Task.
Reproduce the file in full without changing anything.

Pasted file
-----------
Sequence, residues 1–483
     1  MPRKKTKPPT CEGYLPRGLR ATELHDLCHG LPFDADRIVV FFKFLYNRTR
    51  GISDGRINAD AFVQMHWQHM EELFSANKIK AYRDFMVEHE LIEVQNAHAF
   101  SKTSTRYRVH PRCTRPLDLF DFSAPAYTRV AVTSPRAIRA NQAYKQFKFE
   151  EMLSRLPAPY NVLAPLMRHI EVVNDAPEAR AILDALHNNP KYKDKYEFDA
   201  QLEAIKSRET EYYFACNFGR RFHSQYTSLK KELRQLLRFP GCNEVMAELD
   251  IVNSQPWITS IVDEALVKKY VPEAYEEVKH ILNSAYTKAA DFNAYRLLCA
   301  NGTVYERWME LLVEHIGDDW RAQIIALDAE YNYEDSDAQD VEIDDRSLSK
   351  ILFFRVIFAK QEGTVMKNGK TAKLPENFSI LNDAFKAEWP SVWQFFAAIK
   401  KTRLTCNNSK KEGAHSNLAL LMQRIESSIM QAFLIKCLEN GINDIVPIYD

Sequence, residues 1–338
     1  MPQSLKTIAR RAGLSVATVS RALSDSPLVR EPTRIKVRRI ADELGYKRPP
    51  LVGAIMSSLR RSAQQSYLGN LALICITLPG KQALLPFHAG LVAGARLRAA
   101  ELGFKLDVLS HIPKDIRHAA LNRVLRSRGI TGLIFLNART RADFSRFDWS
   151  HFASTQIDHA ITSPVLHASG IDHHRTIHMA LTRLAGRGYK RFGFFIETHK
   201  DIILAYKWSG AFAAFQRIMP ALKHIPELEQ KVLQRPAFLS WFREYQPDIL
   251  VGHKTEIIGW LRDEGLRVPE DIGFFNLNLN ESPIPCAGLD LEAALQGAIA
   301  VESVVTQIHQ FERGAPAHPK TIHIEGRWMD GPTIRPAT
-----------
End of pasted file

Sequence, residues 1–483
     1  MPRKKTKPPT CEGYLPRGLR ATELHDLCHG LPFDADRIVV FFKFLYNRTR
    51  GISDGRINAD AFVQMHWQHM EELFSANKIK AYRDFMVEHE LIEVQNAHAF
   101  SKTSTRYRVH PRCTRPLDLF DFSAPAYTRV AVTSPRAIRA NQAYKQFKFE
   151  EMLSRLPAPY NVLAPLMRHI EVVNDAPEAR AILDALHNNP KYKDKYEFDA
   201  QLEAIKSRET EYYFACNFGR RFHSQYTSLK KELRQLLRFP GCNEVMAELD
   251  IVNSQPWITS IVDEALVKKY VPEAYEEVKH ILNSAYTKAA DFNAYRLLCA
   301  NGTVYERWME LLVEHIGDDW RAQIIALDAE YNYEDSDAQD VEIDDRSLSK
   351  ILFFRVIFAK QEGTVMKNGK TAKLPENFSI LNDAFKAEWP SVWQFFAAIK
   401  KTRLTCNNSK KEGAHSNLAL LMQRIESSIM QAFLIKCLEN GINDIVPIYD

Sequence, residues 1–338
     1  MPQSLKTIAR RAGLSVATVS RALSDSPLVR EPTRIKVRRI ADELGYKRPP
    51  LVGAIMSSLR RSAQQSYLGN LALICITLPG KQALLPFHAG LVAGARLRAA
   101  ELGFKLDVLS HIPKDIRHAA LNRVLRSRGI TGLIFLNART RADFSRFDWS
   151  HFASTQIDHA ITSPVLHASG IDHHRTIHMA LTRLAGRGYK RFGFFIETHK
   201  DIILAYKWSG AFAAFQRIMP ALKHIPELEQ KVLQRPAFLS WFREYQPDIL
   251  VGHKTEIIGW LRDEGLRVPE DIGFFNLNLN ESPIPCAGLD LEAALQGAIA
   301  VESVVTQIHQ FERGAPAHPK TIHIEGRWMD GPTIRPAT